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Previous: 14.10 Variables Help You Find Directories and Files Chapter 14
Moving Around in a Hurry
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14.11 Finding (Anyone's) Home Directory, Quickly

The C shell, ksh and bash have a shortcut for the pathname to your home directory: a tilde ( ~ ), often called "twiddle" by UNIX-heads. You can use ~ in a pathname to the home directory from wherever you are. For example, from any directory, you can list your home directory or edit your .cshrc file in it by typing:

% 

ls ~


   ...
% 

vi ~/.cshrc

Bourne shell users - try the $HOME or $LOGDIR variables instead.

You could change your current directory to your home directory by typing cd ~ or cd $HOME although all shells have a shorter shortcut: typing plain cd with no argument also takes you home.

If your shell understands the tilde, it should also have an abbreviation for other users' home directories: a tilde with the username on the end. For example, the home directory for mandi , which might really be /usr3/users/mfg/mandi , could be abbreviated ~mandi . On your account, if Mandi told you to copy the file named menu.c from her src directory, you could type:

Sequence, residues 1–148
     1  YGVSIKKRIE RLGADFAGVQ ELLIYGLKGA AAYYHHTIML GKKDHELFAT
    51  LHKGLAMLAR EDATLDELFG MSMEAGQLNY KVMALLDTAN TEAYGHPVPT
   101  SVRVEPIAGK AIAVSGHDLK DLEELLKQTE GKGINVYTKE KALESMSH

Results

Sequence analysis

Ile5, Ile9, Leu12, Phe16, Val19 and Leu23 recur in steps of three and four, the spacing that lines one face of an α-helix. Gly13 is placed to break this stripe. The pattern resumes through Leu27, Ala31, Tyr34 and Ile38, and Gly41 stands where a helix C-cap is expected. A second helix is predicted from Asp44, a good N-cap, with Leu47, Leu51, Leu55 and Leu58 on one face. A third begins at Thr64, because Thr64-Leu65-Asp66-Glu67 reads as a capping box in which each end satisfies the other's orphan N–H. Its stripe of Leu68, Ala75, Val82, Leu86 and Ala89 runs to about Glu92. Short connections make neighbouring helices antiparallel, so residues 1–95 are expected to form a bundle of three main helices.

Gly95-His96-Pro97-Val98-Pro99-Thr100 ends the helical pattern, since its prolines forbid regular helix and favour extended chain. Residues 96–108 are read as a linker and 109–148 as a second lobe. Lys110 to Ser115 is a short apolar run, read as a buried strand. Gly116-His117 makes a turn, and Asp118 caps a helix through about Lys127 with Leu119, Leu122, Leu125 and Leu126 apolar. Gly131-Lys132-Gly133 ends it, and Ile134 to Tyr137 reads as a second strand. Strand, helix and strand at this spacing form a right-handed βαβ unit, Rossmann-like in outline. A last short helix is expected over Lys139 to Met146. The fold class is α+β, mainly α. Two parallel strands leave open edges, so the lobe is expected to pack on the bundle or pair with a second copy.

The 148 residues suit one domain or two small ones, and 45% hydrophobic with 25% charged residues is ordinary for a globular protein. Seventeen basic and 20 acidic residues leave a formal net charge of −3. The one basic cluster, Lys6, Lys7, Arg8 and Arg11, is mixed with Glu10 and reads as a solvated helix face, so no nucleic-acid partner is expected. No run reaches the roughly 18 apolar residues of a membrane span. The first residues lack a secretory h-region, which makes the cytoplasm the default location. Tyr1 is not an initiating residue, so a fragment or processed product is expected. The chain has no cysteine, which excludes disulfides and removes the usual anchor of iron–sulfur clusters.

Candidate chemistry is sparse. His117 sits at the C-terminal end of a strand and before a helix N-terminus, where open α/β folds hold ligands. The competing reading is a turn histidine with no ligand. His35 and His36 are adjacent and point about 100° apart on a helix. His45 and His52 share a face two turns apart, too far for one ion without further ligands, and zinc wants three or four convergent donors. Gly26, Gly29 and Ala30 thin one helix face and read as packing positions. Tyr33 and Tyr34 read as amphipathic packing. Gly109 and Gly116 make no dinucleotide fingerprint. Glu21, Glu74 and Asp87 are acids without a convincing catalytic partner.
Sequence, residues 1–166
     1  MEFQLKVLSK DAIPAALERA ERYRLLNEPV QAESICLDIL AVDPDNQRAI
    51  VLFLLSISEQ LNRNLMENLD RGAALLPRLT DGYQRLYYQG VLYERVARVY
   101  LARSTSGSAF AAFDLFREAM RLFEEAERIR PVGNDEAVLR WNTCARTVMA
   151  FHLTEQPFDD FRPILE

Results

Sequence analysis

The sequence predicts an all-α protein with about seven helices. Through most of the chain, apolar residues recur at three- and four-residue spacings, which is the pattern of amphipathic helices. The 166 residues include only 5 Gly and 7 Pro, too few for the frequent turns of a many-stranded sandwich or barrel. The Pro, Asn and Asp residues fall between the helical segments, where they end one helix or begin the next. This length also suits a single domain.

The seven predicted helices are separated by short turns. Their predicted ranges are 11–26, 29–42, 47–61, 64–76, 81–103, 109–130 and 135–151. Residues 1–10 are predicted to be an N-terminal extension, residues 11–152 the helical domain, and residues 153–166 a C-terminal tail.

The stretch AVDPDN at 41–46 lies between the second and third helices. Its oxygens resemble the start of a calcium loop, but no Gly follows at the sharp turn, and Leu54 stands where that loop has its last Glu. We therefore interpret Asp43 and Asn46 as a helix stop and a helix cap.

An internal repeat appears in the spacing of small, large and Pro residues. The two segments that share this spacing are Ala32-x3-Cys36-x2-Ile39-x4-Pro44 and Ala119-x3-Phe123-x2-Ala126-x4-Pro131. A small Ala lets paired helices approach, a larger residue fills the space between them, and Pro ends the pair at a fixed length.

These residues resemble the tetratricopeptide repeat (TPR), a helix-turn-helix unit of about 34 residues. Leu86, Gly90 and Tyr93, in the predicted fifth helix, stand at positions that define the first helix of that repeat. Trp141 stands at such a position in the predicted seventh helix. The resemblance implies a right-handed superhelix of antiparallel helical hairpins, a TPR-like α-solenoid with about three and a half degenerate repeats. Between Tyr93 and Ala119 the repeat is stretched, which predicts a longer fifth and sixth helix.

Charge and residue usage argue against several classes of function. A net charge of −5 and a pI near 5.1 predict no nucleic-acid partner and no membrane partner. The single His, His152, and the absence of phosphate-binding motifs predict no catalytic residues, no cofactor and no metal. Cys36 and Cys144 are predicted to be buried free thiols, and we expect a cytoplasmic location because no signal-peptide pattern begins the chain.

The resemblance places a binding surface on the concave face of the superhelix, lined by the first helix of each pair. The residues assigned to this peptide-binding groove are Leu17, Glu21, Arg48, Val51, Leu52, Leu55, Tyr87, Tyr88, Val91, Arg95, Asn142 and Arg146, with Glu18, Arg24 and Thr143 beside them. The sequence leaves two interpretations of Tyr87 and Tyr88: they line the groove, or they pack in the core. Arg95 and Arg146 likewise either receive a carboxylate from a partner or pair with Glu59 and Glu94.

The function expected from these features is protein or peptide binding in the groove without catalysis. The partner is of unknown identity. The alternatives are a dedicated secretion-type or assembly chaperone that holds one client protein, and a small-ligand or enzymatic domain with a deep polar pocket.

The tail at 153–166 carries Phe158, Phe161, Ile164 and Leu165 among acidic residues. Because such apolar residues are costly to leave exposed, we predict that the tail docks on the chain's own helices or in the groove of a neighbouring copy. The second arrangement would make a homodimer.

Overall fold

% 

cp ~mandi/src/menu.c .

Don't confuse this with filenames like report~ . Some programs, like the GNU Emacs ( 32.4 ) editor, create temporary filenames that end with a ~ (tilde).

The Bourne shell doesn't have anything like ~mandi . Here's a trick that's probably too ugly to type a lot - but it's useful in Bourne shell scripts, where you don't want to "hardcode" users' home directory pathnames. This command calls the C shell to put mandi 's home directory pathname into $dir :

username=mandi
dir=`csh -fc "echo ~$username"`

The tilde is a good thing to use in your shell setup files ( 2.2 ) , too.

- JP


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